Today I found out the red juice in raw red meat is not blood. Nearly all blood is removed from meat during slaughter, which is also why you don’t see blood in raw “white meat”; only an extremely small amount of blood remains within the muscle tissue when you get it from the store.
So what is that red liquid you are seeing in red meat? Red meats, such as beef, are composed of quite a bit of water. This water, mixed with a protein called myoglobin, ends up comprising most of that red liquid.
In fact, red meat is distinguished from white meat primarily based on the levels of myoglobin in the meat. The more myoglobin, the redder the meat. Thus most animals, such as mammals, with a high amount of myoglobin, are considered “red meat”, while animals with low levels of myoglobin, like most poultry, or no myoglobin, like some sea-life, are considered “white meat”.
Myoglobin is a protein, that stores oxygen in muscle cells, very similar to its cousin, hemoglobin, that stores oxygen in red blood cells. This is necessary for muscles which need immediate oxygen for energy during frequent, continual usage. Myoglobin is highly pigmented, specifically red; so the more myoglobin, the redder the meat will look and the darker it will get when you cook it.
This darkening effect of the meat when you cook it is also due to the myoglobin; or more specifically, the charge of the iron atom in myoglobin. When the meat is cooked, the iron atom moves from a +2 oxidation state to a +3 oxidation state, having lost an electron. The technical details aren’t important here, though if you want them, read the “bonus factoids” section, but the bottom line is that this ends up causing the meat to turn from pinkish-red to brown.
Pro-tip: when searching for non-copyrighted pictures for an article, don’t search for “white meat” or really any variation of that on Google Image Search.
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- It is possible for meat to remain pinkish-red all through the cooking if it has been exposed to nitrites. It is even possible for packagers, through artificial means, to keep the meat looking pink, even after it has spoiled, by binding a molecule of carbon monoxide to produce metmyoglobin. Consumers associate pink meat with “fresh”, so this increases sales, even though the pink color has little to do with the freshness of meat.
- Pigs are often considered “white meat”, even though their muscles contain a lot more myoglobin than most other white meat animals. This however, is a much lower concentrate of myoglobin than other “red meat”, such as cows, due to the fact that pigs are lazy and mostly just lay around all day. So depending on who you talk to, pigs can be considered white meat or red meat; they more or less sit in between the two classifications.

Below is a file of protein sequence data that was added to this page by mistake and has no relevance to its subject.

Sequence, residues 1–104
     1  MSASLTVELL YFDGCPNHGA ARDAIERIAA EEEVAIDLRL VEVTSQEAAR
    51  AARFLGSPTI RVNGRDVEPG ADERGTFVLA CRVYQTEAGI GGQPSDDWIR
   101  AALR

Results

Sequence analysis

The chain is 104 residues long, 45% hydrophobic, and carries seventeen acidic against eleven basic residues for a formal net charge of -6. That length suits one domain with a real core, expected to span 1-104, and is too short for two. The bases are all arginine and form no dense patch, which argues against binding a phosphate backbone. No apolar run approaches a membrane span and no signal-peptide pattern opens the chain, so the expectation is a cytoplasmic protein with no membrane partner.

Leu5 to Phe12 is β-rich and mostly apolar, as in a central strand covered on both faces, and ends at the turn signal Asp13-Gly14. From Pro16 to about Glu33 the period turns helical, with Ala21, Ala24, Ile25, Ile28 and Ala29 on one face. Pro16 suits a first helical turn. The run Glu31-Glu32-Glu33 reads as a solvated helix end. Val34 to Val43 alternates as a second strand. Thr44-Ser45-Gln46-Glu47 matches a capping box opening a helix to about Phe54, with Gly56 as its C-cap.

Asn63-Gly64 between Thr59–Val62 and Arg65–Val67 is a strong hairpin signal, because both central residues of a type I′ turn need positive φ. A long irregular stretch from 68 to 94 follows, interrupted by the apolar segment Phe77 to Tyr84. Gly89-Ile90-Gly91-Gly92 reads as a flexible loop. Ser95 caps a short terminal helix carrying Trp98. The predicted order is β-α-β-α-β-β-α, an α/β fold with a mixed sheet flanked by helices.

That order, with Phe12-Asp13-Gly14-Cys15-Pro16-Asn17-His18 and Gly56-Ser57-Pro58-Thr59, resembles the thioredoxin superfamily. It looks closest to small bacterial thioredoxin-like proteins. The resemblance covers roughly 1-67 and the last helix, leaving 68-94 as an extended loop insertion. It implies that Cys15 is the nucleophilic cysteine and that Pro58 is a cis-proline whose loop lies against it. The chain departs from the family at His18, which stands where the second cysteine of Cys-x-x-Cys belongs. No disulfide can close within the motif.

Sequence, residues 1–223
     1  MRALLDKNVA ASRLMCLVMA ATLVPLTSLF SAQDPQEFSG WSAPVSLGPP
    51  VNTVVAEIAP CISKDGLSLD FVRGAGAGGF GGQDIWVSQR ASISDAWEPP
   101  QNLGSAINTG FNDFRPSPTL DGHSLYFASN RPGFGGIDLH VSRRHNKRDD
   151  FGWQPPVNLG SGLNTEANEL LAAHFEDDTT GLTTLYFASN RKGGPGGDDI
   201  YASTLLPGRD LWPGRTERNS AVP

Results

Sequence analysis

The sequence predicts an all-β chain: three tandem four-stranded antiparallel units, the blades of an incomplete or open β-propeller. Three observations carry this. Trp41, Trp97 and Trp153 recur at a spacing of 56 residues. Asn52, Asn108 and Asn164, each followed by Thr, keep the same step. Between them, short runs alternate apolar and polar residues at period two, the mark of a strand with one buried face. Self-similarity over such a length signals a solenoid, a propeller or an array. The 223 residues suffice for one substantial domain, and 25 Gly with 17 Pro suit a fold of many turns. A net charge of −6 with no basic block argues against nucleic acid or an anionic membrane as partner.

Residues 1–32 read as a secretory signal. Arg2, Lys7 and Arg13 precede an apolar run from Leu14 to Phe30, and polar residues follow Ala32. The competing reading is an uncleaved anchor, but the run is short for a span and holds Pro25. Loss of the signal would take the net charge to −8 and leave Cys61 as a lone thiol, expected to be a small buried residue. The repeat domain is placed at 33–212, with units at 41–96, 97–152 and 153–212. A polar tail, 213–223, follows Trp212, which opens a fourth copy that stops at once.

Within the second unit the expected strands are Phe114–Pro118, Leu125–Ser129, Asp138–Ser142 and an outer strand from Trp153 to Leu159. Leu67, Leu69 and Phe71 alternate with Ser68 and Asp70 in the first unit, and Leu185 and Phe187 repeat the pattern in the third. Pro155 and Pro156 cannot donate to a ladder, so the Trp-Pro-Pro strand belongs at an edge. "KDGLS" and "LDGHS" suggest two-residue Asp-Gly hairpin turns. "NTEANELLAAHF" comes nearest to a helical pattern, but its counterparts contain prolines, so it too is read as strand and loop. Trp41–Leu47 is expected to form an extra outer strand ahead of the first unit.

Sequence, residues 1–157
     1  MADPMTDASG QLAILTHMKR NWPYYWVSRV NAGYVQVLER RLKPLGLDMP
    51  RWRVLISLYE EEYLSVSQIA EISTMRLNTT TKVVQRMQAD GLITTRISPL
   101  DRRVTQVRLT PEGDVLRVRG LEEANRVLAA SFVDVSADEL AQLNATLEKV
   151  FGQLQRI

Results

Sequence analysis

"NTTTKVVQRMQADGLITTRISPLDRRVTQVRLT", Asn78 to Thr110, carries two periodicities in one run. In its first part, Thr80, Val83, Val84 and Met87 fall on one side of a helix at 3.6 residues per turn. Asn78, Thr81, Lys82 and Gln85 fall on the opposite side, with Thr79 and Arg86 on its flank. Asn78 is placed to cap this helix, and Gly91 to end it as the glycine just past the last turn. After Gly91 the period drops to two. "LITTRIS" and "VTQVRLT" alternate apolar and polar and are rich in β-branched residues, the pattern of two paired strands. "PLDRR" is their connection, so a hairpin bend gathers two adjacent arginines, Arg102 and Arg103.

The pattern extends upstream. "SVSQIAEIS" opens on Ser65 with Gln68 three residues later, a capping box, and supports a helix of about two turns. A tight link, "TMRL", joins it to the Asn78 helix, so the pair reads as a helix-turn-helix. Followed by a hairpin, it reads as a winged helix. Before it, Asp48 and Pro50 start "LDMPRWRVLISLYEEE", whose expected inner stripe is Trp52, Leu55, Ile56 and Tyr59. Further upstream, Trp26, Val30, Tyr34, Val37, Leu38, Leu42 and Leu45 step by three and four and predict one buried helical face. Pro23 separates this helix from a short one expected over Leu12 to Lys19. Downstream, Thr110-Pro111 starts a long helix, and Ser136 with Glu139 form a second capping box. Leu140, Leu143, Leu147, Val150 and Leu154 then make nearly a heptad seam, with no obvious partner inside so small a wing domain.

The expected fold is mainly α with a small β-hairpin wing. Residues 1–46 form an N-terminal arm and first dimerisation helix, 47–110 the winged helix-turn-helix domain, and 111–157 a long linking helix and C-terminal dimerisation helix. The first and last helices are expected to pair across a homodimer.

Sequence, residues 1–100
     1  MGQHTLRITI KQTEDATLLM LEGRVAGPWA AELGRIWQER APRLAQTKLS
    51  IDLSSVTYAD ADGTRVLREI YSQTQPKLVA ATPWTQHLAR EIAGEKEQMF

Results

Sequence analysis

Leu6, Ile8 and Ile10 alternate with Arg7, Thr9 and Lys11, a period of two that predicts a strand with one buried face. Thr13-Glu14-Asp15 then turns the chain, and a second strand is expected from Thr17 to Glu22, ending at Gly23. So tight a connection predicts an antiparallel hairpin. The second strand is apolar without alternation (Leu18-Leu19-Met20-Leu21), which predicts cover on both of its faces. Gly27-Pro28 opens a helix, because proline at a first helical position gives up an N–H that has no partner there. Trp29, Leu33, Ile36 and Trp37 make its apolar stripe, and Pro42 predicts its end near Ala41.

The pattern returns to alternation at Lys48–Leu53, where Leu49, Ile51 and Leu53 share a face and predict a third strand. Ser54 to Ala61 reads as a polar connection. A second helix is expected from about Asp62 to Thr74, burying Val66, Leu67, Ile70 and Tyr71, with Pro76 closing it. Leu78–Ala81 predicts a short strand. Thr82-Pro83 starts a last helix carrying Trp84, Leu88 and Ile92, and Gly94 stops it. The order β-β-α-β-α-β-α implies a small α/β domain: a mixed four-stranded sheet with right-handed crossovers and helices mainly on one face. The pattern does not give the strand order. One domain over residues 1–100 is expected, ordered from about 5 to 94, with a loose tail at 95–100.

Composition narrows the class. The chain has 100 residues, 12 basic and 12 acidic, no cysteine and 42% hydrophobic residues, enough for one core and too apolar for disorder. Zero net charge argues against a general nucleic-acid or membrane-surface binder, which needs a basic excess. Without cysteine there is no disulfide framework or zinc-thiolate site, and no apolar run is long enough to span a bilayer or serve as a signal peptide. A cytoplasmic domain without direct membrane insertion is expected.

- Chickens and Turkeys are generally considered white meat, however due to the fact that both use their legs extensively, their leg muscles contain a significant amount of myoglobin which causes their meat to turn dark when cooked; so in some sense they contain both red and white meat. Wild poultry, which tend to fly a lot more, tend to only contain “dark” meat, which contains a higher amount of myoglobin due to the muscles needing more oxygen from frequent, continual usage.
- White meat is made up of “fast fibers” that are used for quick bursts of activity. These muscles get energy from glyocogen which, like myoglobin, is stored in the muscles.
- Fish are primarily white meat due to the fact that they don’t ever need their muscles to support themselves and thus need much less myoglobin or sometimes none at all in a few cases; they float, so their muscle usage is much less than say a 1000 pound cow who walks around a lot and must deal with gravity. Typically, the only red meat you’ll find on a fish is around their fins and tail, which are used almost constantly.
- Some fish, such as sharks and tuna, have red meat because they are fast swimmers and are migratory and thus almost always moving; they use their muscles extensively and so they contain a lot more myoglobin than most other sea-life.
- For contrast, the white meat from chickens is made up of about .05% myoglobin with their thighs having about .2% myoglobin; pork and veal contain about .2% myoglobin; non-veal beef contains about 1%-2% of myoglobin, depending on age and muscle use.
- The USDA considers all meats obtained from livestock to be “red” because they contain more myoglobin than chicken or fish.
- Beef meat that is vacuum sealed, thus not exposed to oxygen, tends to be more of a purple shade. Once the meat is exposed to oxygen, it will gradually turn red over a span of 10-20 minutes as the myoglobin absorbs the oxygen.
- Beef stored in the refrigerator for more than 5 days will start to turn brown due to chemical changes in the myoglobin. This doesn’t necessarily mean it has gone bad, though with this length of unfrozen storage, it may have. Best to use your nose to tell for sure, not your eyes.
- Before you cook the red meat, the iron atom’s oxidation level is +2 and is bound to a dioxygen molecule (O2) with a red color; as you cook it, this iron loses an electron and goes to a +3 oxidation level, and now coordinates with a water molecule (H2O). This process ends up turning the meat brown.
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